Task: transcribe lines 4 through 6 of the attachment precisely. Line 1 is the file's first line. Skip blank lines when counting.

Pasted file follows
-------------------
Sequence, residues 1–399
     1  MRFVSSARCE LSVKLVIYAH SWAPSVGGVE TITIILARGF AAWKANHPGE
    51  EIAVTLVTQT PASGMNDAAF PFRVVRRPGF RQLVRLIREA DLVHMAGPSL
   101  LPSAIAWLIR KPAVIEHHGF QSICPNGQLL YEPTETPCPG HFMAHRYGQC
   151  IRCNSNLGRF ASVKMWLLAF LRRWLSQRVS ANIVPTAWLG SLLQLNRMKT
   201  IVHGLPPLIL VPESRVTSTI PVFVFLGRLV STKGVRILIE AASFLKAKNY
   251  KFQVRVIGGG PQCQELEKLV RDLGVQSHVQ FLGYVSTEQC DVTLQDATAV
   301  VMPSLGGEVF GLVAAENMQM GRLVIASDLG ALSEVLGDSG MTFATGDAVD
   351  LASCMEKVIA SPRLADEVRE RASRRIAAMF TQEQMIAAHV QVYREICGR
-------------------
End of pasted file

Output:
   101  LPSAIAWLIR KPAVIEHHGF QSICPNGQLL YEPTETPCPG HFMAHRYGQC
   151  IRCNSNLGRF ASVKMWLLAF LRRWLSQRVS ANIVPTAWLG SLLQLNRMKT
   201  IVHGLPPLIL VPESRVTSTI PVFVFLGRLV STKGVRILIE AASFLKAKNY